Jodielynn Wiley, a transgender woman, left Paris, Texas so quickly after receiving death threats, in 2014, that she didn’t have time to make housing arrangements for her arrival in Dallas. Instead, she sought help with the Salvation Army, having nowhere else to go.
She was given emergency housing, at first. But when she applied for a two-year housing program with the organization, she was reportedly rejected due to the fact that she had not had gender confirmation surgery.
I could spend an entire article’s worth of space writing about the expense about gender confirmation surgery, the recovery time, the complications that can accompany it, and the difficulty in even getting the right paperwork together for it—but unfortunately, this is only one of the many attacks Salvation Army has made against the LGBTQIA+ community. In 2004, the charity organization that prides itself on Christian values threatened to shut down soup kitchens in New York in an attempt to pressure the city into not passing legislature that would require businesses to provide the same-sex partners of employees with the same benefits that the partners of straight employees received. In 2012, leaders of the Salvation Army, along with other religious leaders, denounced marriage equality as a threat to religious freedom—and while they claim to adhere to what is now constitutional law, they still make public the fact that they believe in marriage defined by the Christian bible: between a man and a woman. And, as recently as 2017, a substance abuse center run by the Salvation Army in New York City was caught refusing trans individuals as patients, as well as otherwise discriminating against them.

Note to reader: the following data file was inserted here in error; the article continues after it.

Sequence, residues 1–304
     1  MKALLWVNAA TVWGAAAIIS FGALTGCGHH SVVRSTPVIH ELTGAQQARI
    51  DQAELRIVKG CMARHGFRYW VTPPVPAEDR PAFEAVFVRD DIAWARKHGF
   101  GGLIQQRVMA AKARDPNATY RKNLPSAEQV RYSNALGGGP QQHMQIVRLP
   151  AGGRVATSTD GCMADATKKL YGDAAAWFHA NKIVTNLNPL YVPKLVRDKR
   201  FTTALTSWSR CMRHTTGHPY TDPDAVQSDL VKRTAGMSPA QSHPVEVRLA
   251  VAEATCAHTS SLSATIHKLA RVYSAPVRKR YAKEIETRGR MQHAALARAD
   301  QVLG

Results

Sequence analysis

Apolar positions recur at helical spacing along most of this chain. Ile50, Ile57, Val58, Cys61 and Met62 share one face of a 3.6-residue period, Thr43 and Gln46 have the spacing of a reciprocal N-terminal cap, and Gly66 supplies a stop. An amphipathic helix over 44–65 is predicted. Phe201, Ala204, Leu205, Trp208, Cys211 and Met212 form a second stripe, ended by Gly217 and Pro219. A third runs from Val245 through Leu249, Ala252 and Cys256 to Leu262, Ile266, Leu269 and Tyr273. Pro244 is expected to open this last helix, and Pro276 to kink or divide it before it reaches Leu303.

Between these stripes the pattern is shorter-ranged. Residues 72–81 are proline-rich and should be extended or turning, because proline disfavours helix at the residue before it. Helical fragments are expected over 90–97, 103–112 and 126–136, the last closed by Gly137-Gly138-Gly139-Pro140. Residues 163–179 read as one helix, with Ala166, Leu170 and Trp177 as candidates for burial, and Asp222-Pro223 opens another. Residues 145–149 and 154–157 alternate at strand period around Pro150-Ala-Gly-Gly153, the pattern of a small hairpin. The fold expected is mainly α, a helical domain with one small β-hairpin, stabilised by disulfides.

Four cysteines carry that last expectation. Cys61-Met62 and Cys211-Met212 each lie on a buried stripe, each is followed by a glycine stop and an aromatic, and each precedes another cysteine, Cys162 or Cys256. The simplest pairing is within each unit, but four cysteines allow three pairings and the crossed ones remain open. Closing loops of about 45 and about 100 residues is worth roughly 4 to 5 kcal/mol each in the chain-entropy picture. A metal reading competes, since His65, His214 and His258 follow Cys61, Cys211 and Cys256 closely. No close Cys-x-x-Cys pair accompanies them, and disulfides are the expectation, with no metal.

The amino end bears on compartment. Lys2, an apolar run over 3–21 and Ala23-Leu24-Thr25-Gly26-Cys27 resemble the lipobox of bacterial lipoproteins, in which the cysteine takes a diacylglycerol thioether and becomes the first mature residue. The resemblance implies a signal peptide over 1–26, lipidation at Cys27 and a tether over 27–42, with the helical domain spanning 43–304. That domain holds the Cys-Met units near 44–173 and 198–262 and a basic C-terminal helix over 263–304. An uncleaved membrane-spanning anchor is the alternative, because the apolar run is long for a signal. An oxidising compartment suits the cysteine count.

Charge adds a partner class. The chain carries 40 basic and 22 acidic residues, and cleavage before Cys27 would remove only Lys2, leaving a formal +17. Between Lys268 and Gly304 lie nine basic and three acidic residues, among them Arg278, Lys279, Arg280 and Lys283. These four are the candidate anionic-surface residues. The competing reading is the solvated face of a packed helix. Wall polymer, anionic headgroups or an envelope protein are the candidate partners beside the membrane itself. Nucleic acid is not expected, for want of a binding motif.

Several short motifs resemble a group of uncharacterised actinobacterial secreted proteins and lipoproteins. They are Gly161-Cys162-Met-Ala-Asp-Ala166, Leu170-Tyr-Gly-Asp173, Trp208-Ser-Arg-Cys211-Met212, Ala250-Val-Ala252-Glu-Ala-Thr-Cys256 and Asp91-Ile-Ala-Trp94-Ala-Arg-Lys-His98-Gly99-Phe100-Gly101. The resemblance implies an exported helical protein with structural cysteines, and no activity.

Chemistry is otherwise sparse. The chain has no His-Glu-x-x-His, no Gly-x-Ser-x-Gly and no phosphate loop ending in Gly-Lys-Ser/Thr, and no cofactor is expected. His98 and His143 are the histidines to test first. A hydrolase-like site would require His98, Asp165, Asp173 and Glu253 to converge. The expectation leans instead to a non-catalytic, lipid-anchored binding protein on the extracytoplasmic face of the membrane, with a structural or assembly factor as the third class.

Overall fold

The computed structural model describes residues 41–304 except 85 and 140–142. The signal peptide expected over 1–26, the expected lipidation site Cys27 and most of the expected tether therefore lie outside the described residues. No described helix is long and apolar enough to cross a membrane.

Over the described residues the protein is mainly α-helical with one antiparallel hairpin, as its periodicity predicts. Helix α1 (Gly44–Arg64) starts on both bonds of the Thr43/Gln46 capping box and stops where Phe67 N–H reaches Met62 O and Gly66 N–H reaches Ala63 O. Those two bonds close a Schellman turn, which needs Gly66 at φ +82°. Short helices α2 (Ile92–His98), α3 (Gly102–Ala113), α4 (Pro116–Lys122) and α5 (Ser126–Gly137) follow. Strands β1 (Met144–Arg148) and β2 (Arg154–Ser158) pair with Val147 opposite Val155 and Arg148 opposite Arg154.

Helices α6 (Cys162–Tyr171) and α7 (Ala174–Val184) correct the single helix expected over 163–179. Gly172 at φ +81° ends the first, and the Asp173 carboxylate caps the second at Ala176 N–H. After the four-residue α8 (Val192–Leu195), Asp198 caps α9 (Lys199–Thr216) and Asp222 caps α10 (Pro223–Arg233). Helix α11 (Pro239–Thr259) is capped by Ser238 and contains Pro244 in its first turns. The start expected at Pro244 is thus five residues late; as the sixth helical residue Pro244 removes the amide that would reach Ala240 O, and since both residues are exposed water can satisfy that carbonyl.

image from The Advocate
The Salvation Army has apologized for all these things, and has said that they are moving forward. But their constant habit of discriminating against LGBTQIA+ individuals seems like a pattern, rather than a set of unrelated incidents—and as a result, it is impossible to know if the money given to them this holiday season is also going towards LGBTQIA+ discrimination.
That being said, there are some extremely worthy organizations that do charity work without discriminating against the people they serve. Doctors Without Borders helps to treat people in areas of the world that don’t have easy access to medical centers or professionals. Planned Parenthood helps people access health care (including sexual health care and, in some centers, hormone replacement therapy for transgender individuals). The Coalition for the Homeless works in New York City to feed and shelter the homeless without discriminating against the individuals they assist. The Trevor Project is aimed at reducing the rate of suicide in LGBTQIA+ youth—and, of course, there are many, many more organizations to choose from. But this December, if you see a bell-ringer with a red kettle, the right thing to do might unfortunately be to walk by and donate elsewhere.
image from Unspalsh